Renal metabolism. A, Oxygen consumption (VO2) and (B) glucose consumption, during 120 min of NMP corrected for 100 g of kidney weight, presented as mean with SD. During NMP, there was a significant difference in the progression of oxygen consumption between groups, P < 0.0001. There were similar levels of glucose consumption between groups, P = 0.350. NMP, normothermic machine perfusion; oxHMP, oxygenated hypothermic machine perfusion; SCS, static cold storage.

Creatinine clearance was generally low during NMP with mean values after 60 minutes of 1.1 ± 0.8 mL/min/100 g (SCS) and 1.2 ± 0.9 mL/min/100 g (oxHMP) (P = 0.905). Creatinine clearance tended to increase over time in the oxHMP group and remained unchanged in the SCS group at the end of perfusion (SCS 1.1 mL/min/100 g versus oxHMP 1.4 mL/min/100 g, P = 0.665) see Figure 5A. Urine production showed similar rates after 60 minutes (SCS 58 ± 36 versus oxHMP 67 ± 48 mL/h/100 g, P = 0.79) and 120 minutes (SCS 44 ± 35 versus oxHMP 59 ± 42 mL/h/100 g, P = 0.606) in both groups, see Figure 5B. Urinary NGAL was measured at the end on NMP and showed similar levels between groups.

Renal function and injury. A, Creatinine clearance (Clcr), (B) diuresis during 120 min of NMP corrected for 100 g of kidney weight, and (C) urinary NGAL (U-NGAL) presented as mean with SD. NGAL, neutrophil gelatinase-associated lipocalin; NMP, normothermic machine perfusion; oxHMP, oxygenated hypothermic machine perfusion; SCS, static cold storage.

Histomorphological Assessment

Kidney tissue samples were scored on a scale from 0 to 4 and individual scores are reported in Figure 6. The histological assessment only revealed tubular damage with presence of tubular dilatation and, in some cases, tubular necrosis. The histological changes were similar between groups.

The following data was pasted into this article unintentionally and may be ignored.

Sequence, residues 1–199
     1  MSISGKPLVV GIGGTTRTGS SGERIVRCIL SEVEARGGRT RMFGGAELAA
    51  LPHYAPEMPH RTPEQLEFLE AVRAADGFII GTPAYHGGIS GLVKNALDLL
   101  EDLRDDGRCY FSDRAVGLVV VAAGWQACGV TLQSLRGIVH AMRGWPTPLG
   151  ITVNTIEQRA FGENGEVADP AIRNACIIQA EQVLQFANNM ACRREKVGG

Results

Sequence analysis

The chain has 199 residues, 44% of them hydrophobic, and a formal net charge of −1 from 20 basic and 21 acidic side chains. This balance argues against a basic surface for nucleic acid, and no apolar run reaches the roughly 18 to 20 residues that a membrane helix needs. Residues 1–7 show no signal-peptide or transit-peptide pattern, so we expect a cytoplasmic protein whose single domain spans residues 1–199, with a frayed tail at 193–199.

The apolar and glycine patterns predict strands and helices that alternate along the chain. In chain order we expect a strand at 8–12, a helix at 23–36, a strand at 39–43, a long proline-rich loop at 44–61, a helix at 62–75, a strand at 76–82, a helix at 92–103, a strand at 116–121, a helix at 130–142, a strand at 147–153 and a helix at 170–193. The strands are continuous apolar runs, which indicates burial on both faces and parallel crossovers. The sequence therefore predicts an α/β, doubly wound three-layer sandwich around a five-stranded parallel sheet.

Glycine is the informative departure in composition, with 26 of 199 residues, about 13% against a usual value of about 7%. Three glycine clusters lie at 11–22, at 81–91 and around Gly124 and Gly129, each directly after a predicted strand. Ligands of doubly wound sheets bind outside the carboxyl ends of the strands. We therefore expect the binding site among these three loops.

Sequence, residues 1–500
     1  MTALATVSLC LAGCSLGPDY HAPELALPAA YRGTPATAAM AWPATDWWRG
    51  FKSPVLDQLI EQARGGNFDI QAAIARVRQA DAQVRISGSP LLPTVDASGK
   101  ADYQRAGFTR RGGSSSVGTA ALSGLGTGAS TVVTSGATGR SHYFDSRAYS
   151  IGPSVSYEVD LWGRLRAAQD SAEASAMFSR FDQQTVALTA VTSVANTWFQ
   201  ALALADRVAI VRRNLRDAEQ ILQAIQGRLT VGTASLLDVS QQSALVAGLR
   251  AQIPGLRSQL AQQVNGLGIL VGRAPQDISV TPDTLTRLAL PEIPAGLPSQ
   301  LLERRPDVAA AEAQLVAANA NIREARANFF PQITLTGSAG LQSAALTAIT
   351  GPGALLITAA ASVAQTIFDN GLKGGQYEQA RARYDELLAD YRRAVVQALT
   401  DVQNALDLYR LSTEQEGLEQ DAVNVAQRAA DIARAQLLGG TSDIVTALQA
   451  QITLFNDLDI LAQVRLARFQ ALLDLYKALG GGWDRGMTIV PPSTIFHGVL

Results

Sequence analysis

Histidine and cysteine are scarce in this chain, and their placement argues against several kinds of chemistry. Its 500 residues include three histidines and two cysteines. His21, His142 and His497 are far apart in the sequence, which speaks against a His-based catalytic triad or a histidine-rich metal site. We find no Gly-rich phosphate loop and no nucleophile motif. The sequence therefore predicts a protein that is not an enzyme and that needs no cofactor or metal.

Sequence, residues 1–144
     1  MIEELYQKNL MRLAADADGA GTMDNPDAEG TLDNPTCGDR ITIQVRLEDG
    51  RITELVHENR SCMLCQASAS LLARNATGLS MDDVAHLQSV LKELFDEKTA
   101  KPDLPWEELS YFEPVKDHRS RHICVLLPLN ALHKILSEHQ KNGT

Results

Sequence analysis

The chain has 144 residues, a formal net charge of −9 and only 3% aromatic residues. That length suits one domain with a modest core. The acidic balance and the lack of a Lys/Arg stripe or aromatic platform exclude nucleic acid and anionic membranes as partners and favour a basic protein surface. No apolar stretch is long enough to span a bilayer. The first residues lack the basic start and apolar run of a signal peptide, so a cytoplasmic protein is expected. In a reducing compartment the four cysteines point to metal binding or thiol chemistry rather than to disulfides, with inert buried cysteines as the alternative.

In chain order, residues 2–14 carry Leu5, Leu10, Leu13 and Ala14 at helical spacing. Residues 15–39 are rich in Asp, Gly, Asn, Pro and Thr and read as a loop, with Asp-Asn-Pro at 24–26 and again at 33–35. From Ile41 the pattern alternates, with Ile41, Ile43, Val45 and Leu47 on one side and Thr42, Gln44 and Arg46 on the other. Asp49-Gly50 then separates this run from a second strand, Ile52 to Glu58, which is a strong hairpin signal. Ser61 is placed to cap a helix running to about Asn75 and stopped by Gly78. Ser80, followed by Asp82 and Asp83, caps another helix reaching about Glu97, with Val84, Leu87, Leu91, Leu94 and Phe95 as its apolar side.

Histological examination. A and B, Scores presented with individual scores. Healthy control kidneys were not exposed to warm ischemia, oxHMP, or NMP. C1, Healthy kidney tissue. C2, Tubular dilatation with intraluminal debris. C3, Example of tubular necrosis. C1–C3, Magnification ×200. NMP, normothermic machine perfusion; oxHMP, oxygenated hypothermic machine perfusion; SCS, static cold storage.


This NMP study on severely ischemically damaged porcine DCD kidneys examined the impact of a short period of oxHMP before NMP. The study demonstrated that compared to going directly from SCS to NMP, kidney hemodynamics as well as oxygen consumption were improved if oxHMP preceded NMP.

Extensive preclinical research has been made during the last decade on how to improve kidney NMP by altering NMP settings. Despite this, there is still no consensus on a standardized NMP protocol. Our findings add important knowledge to the field. First, by adding 90 minutes of oxHMP at the end of the cold preservation period, we were able to significantly decrease initial RR during NMP in comparison with kidneys that solely underwent SCS. Second, kidneys subjected to oxHMP showed a significant increase in oxygen consumption during the NMP.